Beccy watched her mother disappear round the corner then stepped nervously into the hallway. Isabella realised that although the family had come to live next door three, no four, years ago, this was the first time any of them had ever stepped over her threshold. Isabella took pride in keeping herself to herself, but now it struck her that it seemed plain unfriendly never to have invited her neighbour in for a cup of tea even though they often passed the time of day when they encountered each other on the way in or out.

She could feel the child shaking as she directed her into the lounge, so she spoke gently, “Why don’t you just settle yourself here on the settee, Beccy, I can see you’re feeling quite poorly, you look so pale and miserable. I’ve got this nice fluffy blanket so let’s tuck you in nice and cosy. I’m just going to fetch my cup of tea from the kitchen and then I usually watch Homes Under the Hammer round about now, is that alright with you?” Beccy smiled and nodded, “My Nan watches Homes Under the Hammer”… and she has a blanket just like this one, she thought sleepily.

Beccy was fast asleep by the time Isabella returned and she found herself just sitting watching the sleeping child; the programme and the now cold tea forgotten. It had been quite a while since a child had slept in the house, and the memories of her own young ones and her dear Jimmy came flooding back to her as she too nodded off.

She woke with a start. Why do the adverts always play so much louder than the programme, she thought crossly as she quickly turned off the trailer for Strictly Come Dancing. Good, the child was still sleeping, she’d just let her be and go and listen to the news in the kitchen. “Sleep is the best medicine” was what she always used to say whenever any of her girls fell ill. And she had heard them say that to their own children, just as her mother had said it to her…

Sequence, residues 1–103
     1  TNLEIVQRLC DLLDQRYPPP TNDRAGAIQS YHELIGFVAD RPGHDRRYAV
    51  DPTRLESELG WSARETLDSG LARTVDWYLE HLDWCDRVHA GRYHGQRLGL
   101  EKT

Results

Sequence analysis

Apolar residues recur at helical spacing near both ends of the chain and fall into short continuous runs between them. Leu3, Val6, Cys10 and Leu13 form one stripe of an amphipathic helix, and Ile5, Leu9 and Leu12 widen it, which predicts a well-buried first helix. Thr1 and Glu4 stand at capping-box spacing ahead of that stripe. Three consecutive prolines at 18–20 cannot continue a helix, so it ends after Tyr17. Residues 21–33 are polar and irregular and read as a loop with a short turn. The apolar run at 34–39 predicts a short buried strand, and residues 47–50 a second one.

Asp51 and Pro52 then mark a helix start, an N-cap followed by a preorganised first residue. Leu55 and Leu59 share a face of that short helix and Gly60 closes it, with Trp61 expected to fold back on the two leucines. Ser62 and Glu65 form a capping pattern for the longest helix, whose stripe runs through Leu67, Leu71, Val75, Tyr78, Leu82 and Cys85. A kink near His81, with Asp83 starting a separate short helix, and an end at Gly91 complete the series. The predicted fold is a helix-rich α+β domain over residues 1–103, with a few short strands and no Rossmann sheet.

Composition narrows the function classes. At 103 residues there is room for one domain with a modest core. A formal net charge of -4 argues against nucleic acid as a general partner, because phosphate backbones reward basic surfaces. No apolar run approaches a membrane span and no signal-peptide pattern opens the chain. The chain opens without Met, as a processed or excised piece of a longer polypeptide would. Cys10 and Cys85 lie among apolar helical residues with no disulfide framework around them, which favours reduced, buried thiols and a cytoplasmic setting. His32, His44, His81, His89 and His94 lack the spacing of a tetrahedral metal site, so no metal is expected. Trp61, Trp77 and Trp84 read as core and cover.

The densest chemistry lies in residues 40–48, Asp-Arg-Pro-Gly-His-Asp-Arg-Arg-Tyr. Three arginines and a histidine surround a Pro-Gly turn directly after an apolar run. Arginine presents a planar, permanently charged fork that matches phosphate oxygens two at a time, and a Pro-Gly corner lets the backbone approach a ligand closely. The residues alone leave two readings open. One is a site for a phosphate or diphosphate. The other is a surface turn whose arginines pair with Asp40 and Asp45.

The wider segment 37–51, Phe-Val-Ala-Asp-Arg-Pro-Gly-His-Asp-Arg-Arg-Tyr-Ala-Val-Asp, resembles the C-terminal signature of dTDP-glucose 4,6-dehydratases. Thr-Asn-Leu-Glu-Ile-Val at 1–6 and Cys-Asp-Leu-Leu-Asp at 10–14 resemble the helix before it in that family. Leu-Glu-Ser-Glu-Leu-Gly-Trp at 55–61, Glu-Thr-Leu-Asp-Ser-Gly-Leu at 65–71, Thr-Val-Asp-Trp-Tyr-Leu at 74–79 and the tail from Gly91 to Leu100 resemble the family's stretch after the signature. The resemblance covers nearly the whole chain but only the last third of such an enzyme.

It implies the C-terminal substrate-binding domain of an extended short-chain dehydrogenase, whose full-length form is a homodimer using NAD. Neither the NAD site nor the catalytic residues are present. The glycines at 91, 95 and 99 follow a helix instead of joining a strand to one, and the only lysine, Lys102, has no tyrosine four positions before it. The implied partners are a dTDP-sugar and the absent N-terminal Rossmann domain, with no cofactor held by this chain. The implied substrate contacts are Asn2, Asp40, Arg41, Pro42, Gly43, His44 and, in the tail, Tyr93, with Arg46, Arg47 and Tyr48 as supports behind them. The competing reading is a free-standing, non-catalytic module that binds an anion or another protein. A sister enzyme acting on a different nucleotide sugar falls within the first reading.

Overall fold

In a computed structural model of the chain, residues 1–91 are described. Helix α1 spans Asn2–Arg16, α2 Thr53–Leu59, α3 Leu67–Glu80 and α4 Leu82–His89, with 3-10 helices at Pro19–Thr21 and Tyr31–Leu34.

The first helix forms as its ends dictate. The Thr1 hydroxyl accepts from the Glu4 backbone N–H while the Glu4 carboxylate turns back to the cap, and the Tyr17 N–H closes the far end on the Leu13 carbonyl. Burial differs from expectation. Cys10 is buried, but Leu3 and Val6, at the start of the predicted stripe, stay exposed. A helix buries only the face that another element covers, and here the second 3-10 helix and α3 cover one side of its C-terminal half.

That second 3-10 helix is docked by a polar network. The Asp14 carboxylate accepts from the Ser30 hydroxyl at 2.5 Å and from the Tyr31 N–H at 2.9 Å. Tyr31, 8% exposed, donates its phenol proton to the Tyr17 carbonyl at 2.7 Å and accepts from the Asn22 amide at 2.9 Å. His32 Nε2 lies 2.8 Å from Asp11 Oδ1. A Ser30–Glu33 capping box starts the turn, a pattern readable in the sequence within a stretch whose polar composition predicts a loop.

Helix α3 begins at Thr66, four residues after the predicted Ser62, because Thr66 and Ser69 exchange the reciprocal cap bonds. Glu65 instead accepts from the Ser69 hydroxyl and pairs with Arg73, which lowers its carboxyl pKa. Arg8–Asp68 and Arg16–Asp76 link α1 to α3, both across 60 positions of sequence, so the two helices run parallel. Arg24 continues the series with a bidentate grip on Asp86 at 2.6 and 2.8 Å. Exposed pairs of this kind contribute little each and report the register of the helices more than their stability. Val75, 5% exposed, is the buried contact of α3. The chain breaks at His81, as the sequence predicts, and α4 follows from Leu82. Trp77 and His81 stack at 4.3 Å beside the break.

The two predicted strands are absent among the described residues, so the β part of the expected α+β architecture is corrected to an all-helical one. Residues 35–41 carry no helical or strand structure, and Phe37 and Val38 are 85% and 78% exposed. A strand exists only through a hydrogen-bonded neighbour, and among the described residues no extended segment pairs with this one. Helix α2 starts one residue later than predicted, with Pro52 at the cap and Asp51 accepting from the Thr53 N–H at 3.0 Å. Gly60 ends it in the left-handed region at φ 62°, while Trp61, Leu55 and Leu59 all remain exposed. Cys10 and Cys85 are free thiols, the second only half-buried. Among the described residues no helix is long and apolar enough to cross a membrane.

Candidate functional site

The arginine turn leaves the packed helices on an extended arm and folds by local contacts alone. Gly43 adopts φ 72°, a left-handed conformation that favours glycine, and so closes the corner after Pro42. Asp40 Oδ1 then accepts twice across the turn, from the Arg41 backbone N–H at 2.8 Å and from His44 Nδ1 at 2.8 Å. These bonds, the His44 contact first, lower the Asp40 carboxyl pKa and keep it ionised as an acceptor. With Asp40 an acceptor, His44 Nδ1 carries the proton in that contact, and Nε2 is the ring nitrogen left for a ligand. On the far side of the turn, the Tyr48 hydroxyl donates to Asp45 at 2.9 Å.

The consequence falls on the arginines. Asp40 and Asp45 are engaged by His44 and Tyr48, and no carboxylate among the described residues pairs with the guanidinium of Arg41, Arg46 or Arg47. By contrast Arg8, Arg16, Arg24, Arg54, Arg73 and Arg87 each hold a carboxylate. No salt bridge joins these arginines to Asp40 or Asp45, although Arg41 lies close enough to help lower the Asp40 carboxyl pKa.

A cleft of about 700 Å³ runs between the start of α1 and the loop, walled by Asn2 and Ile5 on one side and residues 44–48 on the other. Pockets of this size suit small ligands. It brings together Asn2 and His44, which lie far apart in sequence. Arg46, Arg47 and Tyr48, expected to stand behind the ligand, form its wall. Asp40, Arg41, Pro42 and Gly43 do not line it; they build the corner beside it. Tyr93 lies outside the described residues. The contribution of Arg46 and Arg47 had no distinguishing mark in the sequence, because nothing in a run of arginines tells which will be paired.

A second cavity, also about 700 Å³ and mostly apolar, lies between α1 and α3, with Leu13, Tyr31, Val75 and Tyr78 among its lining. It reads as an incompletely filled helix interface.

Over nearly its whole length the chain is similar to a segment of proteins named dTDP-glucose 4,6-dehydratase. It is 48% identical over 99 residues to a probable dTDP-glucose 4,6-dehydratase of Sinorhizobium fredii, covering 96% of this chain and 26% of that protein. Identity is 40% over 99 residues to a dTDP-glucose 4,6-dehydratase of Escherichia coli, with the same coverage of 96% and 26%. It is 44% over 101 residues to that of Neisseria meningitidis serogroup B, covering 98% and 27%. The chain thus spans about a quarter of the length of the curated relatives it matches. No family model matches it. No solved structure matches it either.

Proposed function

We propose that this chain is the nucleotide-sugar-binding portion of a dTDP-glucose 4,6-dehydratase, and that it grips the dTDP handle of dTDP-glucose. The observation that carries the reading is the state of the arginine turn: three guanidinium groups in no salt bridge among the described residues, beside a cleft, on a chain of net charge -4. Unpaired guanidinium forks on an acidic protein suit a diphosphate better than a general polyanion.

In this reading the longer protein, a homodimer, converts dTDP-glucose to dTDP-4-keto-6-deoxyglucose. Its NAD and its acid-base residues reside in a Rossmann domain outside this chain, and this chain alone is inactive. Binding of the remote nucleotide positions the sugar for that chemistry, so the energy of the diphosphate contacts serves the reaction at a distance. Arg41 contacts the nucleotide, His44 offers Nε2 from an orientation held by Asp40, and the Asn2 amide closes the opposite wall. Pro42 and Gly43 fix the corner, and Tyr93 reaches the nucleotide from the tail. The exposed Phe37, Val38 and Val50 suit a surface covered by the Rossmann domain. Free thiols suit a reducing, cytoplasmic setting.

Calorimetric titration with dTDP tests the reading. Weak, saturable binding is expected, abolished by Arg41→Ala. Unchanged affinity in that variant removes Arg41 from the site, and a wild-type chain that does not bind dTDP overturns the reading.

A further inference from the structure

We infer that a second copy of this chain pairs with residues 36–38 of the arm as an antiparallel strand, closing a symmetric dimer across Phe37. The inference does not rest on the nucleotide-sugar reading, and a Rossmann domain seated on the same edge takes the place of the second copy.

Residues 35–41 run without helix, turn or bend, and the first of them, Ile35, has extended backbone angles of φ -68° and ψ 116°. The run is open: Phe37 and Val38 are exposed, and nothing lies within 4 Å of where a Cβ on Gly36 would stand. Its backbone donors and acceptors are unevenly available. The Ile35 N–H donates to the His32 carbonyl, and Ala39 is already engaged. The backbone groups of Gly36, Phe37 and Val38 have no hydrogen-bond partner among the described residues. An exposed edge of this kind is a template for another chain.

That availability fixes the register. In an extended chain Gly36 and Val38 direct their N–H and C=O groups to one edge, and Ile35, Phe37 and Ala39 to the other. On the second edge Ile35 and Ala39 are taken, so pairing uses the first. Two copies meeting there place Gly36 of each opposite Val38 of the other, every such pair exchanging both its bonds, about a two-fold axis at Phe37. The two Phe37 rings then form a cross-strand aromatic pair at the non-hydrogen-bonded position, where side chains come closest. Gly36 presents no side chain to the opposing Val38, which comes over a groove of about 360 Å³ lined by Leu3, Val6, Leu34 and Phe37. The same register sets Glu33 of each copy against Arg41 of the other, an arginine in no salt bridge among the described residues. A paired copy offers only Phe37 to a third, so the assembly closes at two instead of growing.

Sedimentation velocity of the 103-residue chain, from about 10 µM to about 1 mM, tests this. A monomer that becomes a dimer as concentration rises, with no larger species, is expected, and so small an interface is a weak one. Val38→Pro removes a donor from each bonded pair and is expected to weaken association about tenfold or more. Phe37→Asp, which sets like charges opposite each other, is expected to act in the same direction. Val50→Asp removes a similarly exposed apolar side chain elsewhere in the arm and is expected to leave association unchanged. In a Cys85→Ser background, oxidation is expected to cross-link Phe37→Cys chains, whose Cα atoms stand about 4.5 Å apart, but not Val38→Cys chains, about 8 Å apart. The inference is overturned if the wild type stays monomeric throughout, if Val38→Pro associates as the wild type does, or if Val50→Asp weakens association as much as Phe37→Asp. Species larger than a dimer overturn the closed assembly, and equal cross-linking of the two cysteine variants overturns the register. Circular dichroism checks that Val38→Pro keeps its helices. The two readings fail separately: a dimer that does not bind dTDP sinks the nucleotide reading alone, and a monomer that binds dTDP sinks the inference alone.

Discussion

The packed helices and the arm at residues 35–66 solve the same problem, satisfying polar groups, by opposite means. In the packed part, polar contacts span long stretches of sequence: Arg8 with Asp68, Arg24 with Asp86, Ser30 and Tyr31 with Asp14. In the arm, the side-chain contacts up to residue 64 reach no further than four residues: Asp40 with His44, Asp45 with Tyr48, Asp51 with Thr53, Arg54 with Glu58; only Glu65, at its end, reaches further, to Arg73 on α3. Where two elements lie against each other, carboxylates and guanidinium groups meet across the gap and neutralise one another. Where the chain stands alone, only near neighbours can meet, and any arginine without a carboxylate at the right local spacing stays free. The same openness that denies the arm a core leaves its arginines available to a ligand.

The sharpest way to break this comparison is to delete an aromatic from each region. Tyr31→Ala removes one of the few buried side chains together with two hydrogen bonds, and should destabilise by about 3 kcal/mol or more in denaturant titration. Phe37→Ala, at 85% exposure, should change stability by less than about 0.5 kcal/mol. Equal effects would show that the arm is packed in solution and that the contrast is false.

I’m in a funny mood, she thought, and I feel like baking a cake! She hummed as she bustled about, just as she did in the days when often as not she’d be taking a cake or some scones out of the oven just as the girls got home from school. They’d crash in the front door and head straight for the delicious smell coming from the kitchen, leaving a trail of bags and coats and musical instruments in their wake. She wished now she’d spent less time telling them off and wanting them to be quieter, tidier, more helpful, less … what? How could she have known how much she’d come to miss the noisy chaos, the sheer life of them around the place. Oh, they brought the grandchildren to visit occasionally, but it wasn’t the same, was it?

A soft knock on the kitchen door interrupted her reverie and she turned to find Beccy peeping shyly into the room. “I hope you don’t mind, I woke up and …” “Of course not, dear, come and sit by me. Look I’ve made a cake! Do you think you could manage a slice, you’re looking so much better than you did earlier, your cheeks are quite pink now.”

“I’m starving, I puked up all my breakfast!”

Isabella laughed and cut into the cake. “I should really let it cool for longer, but if you’re starving…”

Beccy seemed like a different child as she tucked in to the cake and looked curiously around the room.  She spotted the fruit which Isabella had emptied into her Halloween basket. “Mrs Steele? Your basket’s got spiders on it, is that for Halloween? For trick or treat?”